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Last update 03-06-2020) 

The tribe is a territorial group whose members name a common founder .and relations between segments within the tribe are frequently expressed in kinship terms. There is too little information about the internal structure and composition of the tribe, however, to decide whether the terms “clan “or “maximal lineage “ I could be correctly applied to them. Each tribe contains a number of compact villages, comprising two or more wards, which break down into extended families”.

There is no direct information on the composition of the “extended family,”l but the presence of alternative forms of marriage which involve different patterns of residence and affiliations suggests that in some cases its core may be a bilateral rather than a unilateral descent group. This argument applies fortiori to relations between descent groups and territorial units of a higher order.
The ward (ede) consists of a number of contiguous descent groups which commonly claim descent from a single founder. It seems formerly to have been a exogamous unit, but marriage prohibitions have recently tended to break down particularly in those areas most affected by Islam.

The village is a collection of wards which, in most cases, recognize a legendary common founding ancestor It is not always possible, however, to identify either ward or village with a single descent group; the Afatevbeda ward of Agbede (Aviele) for example, is of very heterogeneous composition. In some Avianwu, Ibie, and Uwepa-Uwano villages certain wards claim seniority over others and the right to appoint the village headman.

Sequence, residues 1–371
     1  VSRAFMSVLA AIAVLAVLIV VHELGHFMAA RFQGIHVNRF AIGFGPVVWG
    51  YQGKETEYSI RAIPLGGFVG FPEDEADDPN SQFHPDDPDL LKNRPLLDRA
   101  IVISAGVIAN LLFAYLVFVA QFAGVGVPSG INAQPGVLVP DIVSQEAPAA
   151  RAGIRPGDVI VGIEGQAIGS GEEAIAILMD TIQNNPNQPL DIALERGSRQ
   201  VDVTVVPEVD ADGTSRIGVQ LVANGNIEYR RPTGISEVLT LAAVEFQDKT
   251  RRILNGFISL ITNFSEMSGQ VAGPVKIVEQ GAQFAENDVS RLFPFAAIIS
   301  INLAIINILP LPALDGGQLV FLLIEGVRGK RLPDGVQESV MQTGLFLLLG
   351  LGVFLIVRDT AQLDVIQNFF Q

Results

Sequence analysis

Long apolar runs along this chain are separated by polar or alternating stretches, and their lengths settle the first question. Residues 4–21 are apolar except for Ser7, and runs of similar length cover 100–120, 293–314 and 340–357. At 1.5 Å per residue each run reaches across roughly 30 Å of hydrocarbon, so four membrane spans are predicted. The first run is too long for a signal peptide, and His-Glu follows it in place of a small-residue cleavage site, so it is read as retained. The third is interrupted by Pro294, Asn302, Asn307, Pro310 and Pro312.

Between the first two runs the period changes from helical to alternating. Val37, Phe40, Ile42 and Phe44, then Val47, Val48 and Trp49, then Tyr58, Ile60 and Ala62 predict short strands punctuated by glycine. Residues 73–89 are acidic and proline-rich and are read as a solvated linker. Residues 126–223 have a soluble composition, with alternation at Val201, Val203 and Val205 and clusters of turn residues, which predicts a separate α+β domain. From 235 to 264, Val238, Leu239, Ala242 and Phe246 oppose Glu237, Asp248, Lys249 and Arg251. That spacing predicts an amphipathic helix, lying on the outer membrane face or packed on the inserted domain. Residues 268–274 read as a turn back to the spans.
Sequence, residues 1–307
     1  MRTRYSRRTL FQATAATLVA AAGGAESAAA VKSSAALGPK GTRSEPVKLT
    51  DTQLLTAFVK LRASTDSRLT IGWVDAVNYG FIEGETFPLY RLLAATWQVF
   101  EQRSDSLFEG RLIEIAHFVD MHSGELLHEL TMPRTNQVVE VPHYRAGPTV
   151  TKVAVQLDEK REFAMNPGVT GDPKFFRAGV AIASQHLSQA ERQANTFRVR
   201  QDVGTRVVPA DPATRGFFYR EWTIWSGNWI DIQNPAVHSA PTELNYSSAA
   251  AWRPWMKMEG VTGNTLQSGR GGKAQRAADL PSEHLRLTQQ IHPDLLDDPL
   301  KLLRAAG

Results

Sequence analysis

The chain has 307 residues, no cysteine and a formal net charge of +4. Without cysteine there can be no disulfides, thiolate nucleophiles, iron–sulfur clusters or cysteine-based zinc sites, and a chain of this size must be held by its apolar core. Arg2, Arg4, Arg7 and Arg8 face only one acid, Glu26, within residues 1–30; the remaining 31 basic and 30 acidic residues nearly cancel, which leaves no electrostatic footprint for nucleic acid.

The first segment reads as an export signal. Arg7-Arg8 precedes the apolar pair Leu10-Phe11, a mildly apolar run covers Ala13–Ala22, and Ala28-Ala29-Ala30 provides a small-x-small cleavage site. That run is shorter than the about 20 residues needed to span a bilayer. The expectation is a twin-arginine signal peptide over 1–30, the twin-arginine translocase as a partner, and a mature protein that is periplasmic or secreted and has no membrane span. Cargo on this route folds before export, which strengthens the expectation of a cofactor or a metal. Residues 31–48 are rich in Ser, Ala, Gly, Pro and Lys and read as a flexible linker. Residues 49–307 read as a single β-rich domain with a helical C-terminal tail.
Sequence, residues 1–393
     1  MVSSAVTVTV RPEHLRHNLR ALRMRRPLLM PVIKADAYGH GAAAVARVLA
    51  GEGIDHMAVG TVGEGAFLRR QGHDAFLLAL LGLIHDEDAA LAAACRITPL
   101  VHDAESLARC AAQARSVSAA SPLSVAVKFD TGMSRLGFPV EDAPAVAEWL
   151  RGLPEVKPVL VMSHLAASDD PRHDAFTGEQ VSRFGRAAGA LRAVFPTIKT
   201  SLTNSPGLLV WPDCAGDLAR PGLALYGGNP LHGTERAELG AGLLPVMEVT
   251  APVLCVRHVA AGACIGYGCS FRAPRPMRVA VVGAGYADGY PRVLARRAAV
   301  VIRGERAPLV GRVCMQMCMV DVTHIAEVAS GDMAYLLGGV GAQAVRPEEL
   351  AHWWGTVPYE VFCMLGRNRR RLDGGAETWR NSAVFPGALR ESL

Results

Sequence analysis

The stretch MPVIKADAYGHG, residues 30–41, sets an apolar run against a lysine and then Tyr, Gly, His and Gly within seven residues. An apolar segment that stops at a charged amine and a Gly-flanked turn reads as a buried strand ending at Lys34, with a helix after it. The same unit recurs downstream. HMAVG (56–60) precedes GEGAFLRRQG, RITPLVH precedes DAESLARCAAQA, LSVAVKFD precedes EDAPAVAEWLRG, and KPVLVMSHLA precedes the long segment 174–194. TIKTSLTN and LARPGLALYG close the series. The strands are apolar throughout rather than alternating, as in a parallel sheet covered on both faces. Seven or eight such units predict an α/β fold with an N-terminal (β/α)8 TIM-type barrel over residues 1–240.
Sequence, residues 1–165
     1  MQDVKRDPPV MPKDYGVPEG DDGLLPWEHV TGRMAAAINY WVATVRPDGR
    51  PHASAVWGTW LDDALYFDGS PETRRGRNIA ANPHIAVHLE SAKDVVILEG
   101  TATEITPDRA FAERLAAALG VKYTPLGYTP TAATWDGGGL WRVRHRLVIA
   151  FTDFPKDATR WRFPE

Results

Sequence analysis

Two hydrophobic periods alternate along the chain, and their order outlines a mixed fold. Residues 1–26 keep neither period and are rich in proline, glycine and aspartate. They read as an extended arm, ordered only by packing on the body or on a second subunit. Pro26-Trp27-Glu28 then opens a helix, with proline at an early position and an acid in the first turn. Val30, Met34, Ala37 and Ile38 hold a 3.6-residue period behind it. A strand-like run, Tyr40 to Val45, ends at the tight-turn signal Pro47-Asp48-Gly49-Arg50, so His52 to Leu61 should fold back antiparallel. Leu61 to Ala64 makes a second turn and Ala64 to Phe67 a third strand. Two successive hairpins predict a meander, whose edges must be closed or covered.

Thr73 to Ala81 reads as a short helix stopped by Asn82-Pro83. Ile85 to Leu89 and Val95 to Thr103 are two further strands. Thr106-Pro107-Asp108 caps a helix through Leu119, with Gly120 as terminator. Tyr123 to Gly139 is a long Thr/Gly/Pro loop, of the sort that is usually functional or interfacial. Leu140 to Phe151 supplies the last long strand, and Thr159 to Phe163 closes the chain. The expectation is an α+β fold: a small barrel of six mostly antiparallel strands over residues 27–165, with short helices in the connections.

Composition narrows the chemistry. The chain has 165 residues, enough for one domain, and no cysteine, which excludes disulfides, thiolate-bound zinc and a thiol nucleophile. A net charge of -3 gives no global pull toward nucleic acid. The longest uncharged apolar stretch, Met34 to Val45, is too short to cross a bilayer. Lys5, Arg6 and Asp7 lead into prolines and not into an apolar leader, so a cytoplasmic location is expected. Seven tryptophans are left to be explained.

The correspondence between territorial units and descent groups in the Ekperi tribe was destroyed by the scattering which occurred at the time of the Nupe Invasion. The new settlements which were formed further south contained elements from different villages, wards, and extended families. The original social units, however, continue to maintain some cohesion in such matters as title-taking and other ceremonial affairs.
The Uzairhue people say that they and the Ekperi. Avianwu, and UwepaUwano are descended from one Benin man, Oluku.

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